Dear Type A Personality: We have a friend who claims he doesn’t have a green thumb. We’ve watched him garden. He makes holes in the ground with the heel of his sneaker, dumps in some seeds, and then is amazed when nothing comes up.

He’s just going through the motions. Not even. And he’s not practicing.

The same goes for baking. It’s all a matter of practice. That pie crust may not work the first time you roll it out. You may need to try again. And again. And again. That’s not much consolation on an average Wednesday night after work. But we doubt you’re doing much serious baking on a Wednesday night after work, anyways.

If you have a relative or a friend who’s a great baker, watch them. Pay attention. Apprentice. Ask to make pies together. Or tarts. Or bread. Or cookies.

Also, embrace your inner fussiness. Baking is an exacting science. Measure carefully. Follow the instructions exactly. If the butter is supposed to be at room temperature, then leave it out on the counter until it’s nice and mushy. If the eggs are supposed to be at room temperature, leave them out on the counter for 20 minutes or dip them in a bowl of warm (not hot) water for 2 or 3 minutes.

And don’t make substitutions. We once spent an evening teaching a friend how to make pie crust. When she tried on her own a week later, she complained that the results were a rank disaster. When we pressed further, she admitted she’d substituted cornstarch for the flour. “They’re both white,” she reasoned.

And then there’s this: What’s with the “perfect” stuff anyway? Forget the TV chefs. Those people have battalions off camera to make everything look so great.

Instead, keep at it. A baker’s grasp should always exceed his—or her—reach. With apologies to Robert Browning.

Got more questions? Good. We do, too. That is, more questions AND answers. In case you missed the mention above, for more cooking etiquette and enigmas explained, you can take a peek at previous columns from our Never Cook Naked Guys. Anything pertaining to food or drink goes. Well, anything within reason. But first, those previously tended-to questions we promised….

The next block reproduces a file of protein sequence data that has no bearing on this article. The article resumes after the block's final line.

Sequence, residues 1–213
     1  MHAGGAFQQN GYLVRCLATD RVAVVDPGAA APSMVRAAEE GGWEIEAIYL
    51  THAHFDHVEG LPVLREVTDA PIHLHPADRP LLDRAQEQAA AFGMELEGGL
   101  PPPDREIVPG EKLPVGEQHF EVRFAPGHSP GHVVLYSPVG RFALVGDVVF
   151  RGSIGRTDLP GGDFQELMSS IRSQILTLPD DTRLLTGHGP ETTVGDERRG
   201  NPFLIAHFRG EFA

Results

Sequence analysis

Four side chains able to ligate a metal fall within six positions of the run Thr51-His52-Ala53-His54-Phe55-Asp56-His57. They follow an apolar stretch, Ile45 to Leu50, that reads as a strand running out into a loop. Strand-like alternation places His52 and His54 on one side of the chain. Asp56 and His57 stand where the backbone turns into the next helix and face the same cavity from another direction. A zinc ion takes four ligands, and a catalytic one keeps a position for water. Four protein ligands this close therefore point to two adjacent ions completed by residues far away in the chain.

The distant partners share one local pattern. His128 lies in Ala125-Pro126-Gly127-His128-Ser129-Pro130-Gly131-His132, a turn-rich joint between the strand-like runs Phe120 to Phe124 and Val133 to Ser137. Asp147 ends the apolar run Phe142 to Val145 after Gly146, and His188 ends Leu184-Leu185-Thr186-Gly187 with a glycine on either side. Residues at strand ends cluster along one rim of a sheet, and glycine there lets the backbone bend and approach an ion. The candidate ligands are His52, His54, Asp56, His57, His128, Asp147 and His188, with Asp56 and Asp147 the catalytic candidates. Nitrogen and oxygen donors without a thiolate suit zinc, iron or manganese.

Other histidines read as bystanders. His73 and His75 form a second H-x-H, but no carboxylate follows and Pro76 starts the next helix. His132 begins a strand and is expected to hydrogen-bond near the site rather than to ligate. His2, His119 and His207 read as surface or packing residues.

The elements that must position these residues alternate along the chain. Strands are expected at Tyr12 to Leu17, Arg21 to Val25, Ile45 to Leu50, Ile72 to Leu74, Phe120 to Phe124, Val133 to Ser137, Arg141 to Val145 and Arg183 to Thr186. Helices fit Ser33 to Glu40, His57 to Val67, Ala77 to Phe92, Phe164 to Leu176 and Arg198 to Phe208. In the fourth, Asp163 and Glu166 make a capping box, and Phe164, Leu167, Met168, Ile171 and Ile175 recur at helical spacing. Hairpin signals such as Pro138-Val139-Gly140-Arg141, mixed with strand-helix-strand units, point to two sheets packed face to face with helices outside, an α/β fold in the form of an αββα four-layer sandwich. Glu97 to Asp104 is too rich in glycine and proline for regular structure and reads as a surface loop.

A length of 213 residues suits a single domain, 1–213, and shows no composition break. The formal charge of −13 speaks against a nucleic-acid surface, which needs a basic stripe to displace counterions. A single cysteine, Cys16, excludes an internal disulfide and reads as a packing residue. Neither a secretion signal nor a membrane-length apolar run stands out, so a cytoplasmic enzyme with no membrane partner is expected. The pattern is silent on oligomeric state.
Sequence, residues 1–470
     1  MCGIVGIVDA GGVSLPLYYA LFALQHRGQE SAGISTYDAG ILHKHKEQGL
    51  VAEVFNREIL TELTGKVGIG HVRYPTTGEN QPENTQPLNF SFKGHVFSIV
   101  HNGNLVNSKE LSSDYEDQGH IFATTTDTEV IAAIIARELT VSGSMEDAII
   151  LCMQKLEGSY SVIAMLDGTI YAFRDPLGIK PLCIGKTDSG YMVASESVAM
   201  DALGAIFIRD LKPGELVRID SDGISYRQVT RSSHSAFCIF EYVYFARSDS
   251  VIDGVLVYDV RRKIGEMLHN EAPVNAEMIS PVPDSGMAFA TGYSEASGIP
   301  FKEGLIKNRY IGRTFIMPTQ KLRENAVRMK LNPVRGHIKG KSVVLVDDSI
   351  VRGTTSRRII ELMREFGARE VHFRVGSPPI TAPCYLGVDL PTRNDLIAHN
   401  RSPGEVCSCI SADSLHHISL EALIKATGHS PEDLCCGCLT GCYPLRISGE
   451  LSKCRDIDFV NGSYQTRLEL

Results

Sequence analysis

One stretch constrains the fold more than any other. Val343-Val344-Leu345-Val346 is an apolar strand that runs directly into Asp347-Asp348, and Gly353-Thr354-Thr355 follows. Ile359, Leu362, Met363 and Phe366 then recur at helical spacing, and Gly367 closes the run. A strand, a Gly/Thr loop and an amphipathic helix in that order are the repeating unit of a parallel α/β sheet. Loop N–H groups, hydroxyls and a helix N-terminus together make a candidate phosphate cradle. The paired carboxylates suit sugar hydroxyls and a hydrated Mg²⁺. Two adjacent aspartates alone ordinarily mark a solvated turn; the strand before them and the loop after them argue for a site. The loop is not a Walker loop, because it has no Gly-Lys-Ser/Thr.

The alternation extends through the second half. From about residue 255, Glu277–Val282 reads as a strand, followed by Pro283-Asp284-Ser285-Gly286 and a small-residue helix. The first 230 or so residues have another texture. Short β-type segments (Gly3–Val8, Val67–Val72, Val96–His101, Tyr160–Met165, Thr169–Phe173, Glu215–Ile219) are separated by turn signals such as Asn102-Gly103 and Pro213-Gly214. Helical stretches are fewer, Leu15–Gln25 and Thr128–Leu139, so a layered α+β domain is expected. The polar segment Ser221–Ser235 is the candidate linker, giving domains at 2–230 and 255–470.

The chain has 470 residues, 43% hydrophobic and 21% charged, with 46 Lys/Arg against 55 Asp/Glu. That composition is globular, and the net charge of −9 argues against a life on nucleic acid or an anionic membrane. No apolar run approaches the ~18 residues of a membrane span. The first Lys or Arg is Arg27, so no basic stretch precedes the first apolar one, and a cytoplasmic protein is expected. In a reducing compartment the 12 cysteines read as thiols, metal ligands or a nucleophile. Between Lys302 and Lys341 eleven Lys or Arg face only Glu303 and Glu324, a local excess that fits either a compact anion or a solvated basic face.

“Blonde” Coffee, Old Eggs, Diplomatic Diners, Flat Cookies

Mayo Salads, Shared Steak, Pie Crust

Host(ess) Gifts, New Mexican Chiles, Wax (?) Paper

Nonstick Grilling, “Reusable” Bamboo, Meat Safety

Pesky Pin Bones, Rude Roomies, Soapy Challah

How to Make a Better Brownie

Thanksgiving Dinner Perfected

Hot Chocolate, Lemons, and Oven Racks

Toast, Cooking With Wine, Dried Herbs

Lukewarm Dinner, Filmy Spinach, Truffle Oil


About Bruce Weinstein | Mark Scarbrough

Bruce Weinstein and Mark Scarbrough are exhausted. Twenty cookbooks in 12 years. Several other books for persnickety celebs. (Shhh. Confidentiality agreements.) More than 10,000 original recipes tested, tweaked, and perfected. A million or so hours on cross-training equipment, not to mention many, many pairs of elastic-waistband pants. Their work can be found in the James Beard Award-nominated Ham: An Obsession with the Hindquarter and Goat: Meat, Milk, Cheese. They’ve also written for many of the food bigwigs, including The New York Times, Cooking Light, Fine Cooking, the late Gourmet, and, in a fit of modern irony, weightwatchers.com. About three years ago, they left Manhattan for New England—or what Cole Porter called “this rural America thing”--to share several acres with some resident moose and bear, as well as an irascible collie named Dreydl.

Comments
Comments
  1. Kathy D. says:

    With all due respect, someone needs to challenge this myth that you shouldn’t wash seasoned cast iron pans with a little soap. IT IS JUST NOT TRUE. While this advice is well-intentioned, it is misleading. You do not want to leave the lingering flavor of everything you cook behind! Once a pan is well-seasoned and it has been used to fry food, even if you dislodge any bits that stick and wash it lightly with dishwashing soap, fat will and does remain behind to keep the surface of the pan sealed, and over time it gets better. Although the surface does become almost non-stick, sometimes food WILL stick, and the pan will be need to be scrubbed (and maybe even soaked!!). If in doubt, at any time, a coating of oil may be applied and the pan reheated in the oven to seal any “raw” spots.